Banking Awareness Study Notes
Banking Awareness is considered to be the high scoring section in any competitive exam. It includes two main portions, current affairs GK and static GK. In this article, we will discuss some really important Banking Awareness topics that are covered in almost all competitive exams. Also, you can download the Capital Adequacy Ratio Notes.
In Banking Section, the questions are asked from following topics: History of Banking, banking terms, Marketing of Banking Products, Functions of Banks, Banks and their taglines, schemes, committees related to banking, headquarters of bank, some Banking news related, apps launched by banks, new schemes etc.
In a series of sharing useful study material for upcoming banking exams. Here, we are providing Banking Awareness notes for all banking Exams (IBPS, SBI & Other Banking Exams).
Capital Adequacy Ratio (CAR)
Capital Adequacy Ratio (CAR) is the ratio of a bank’s capital in relation to its risk-weighted assets and current liabilities. It is decided by central banks and bank regulators to prevent commercial banks from taking excess leverage and becoming insolvent in the process.
In other words, it measures how much capital does a bank has with it as a percentage of its total credit exposure. Bank regulators enforce this ratio to ensure credit discipline in order to protect depositors and promote stability and efficiency in the financial system.
What is the Capital Adequacy Ratio Formula?
The Capital Adequacy Ratio (CAR) or the CRAR is computed by dividing the capital of the bank with aggregated risk-weighted assets for credit risk, operational risk, and market risk.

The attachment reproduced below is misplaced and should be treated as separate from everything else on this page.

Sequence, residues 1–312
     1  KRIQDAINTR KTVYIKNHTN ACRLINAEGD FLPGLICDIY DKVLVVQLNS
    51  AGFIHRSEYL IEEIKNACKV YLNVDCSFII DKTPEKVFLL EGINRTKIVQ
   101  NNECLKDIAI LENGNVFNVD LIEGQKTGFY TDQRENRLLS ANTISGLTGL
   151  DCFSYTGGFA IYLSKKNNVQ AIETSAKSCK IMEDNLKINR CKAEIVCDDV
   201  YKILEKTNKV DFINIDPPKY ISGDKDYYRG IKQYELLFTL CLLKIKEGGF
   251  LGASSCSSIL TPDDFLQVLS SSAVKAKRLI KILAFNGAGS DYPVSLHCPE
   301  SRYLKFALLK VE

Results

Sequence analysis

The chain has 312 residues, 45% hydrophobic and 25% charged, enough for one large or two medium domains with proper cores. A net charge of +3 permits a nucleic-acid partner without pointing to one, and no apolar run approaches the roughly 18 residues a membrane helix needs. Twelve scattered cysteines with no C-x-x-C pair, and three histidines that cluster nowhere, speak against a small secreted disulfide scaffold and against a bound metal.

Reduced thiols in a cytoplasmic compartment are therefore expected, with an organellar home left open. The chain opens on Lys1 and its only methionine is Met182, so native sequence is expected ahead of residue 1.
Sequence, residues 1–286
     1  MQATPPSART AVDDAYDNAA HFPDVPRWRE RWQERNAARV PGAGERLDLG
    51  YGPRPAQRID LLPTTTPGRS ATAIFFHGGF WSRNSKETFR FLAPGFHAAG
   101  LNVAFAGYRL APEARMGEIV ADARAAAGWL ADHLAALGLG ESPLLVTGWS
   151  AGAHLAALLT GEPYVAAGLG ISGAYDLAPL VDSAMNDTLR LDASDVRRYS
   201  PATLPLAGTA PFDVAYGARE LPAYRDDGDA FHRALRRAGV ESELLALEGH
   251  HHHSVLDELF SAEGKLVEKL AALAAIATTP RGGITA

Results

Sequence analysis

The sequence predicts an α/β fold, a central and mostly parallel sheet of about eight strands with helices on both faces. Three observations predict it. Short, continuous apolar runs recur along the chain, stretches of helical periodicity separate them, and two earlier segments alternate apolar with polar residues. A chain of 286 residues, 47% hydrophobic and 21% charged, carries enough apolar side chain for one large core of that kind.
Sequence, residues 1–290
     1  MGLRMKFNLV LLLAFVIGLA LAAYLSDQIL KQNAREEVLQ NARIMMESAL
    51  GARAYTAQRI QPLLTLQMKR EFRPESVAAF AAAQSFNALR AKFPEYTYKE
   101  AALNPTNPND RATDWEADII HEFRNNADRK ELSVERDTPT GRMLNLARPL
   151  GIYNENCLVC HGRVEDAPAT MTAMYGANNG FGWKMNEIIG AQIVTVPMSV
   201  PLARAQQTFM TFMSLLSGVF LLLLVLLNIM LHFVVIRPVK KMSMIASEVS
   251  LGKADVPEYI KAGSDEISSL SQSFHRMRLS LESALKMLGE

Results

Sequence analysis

This is calculated by summing a bank’s tier 1 capital and tier 2 capitals and dividing the total by its total risk-weighted assets. That is:
Tier 1 CAR = (Eligible Tier 1 capital funds) = (Market Risk RWA + Credit Risk RWA + Operational Risk RWA)
Total CAR = (Eligible Total capital funds) ÷ (Credit Risk RWA + Market Risk RWA + Operational Risk RWA)
CAR = (Tier 1 capital + Tier 2 capital)/risk weighted assets
Here Tier I capital is a bank’s core capital consisting of shareholders’ equity and retained earnings;
Tier II capital includes revaluation reserves, hybrid capital instruments, and subordinated term debt.
Tier III capital consists of Tier II capital plus short-term subordinated loans.
Note that two types of capitals are measured here.
Tier 1 capital: This can absorb the losses without a bank being required to stop trading. Also called core capital, this consists of ordinary share capital, equity capital, audited revenue reserves, and intangible assets. This is permanently available capital and readily available to absorb losses incurred by a bank without it having to cease operations.
Tier 2 capital: This can absorb losses if the bank is winding-up and so gives depositors a lesser measure of protection. This consists of unaudited reserves, unaudited retained earnings, and general loss reserves. This capital cushions losses if the bank is winding up and is used to absorb losses after a bank loses all its tier 1 capital.
Risk-weighted assets: These assets are used to fix the least amount of capital that should be possessed by banks to lower the insolvency risk. The capital requirement for all types of bank assets depends on the risk assessment.
What is the current Capital Adequacy Ratio in India?
The Basel III Norms have prescribed a CAR of 8%. In India, the Reserve Bank of India (RBI) mandates the CAR for scheduled commercial banks to be 9%, and for public sector banks, the CAR to be maintained is 12%.
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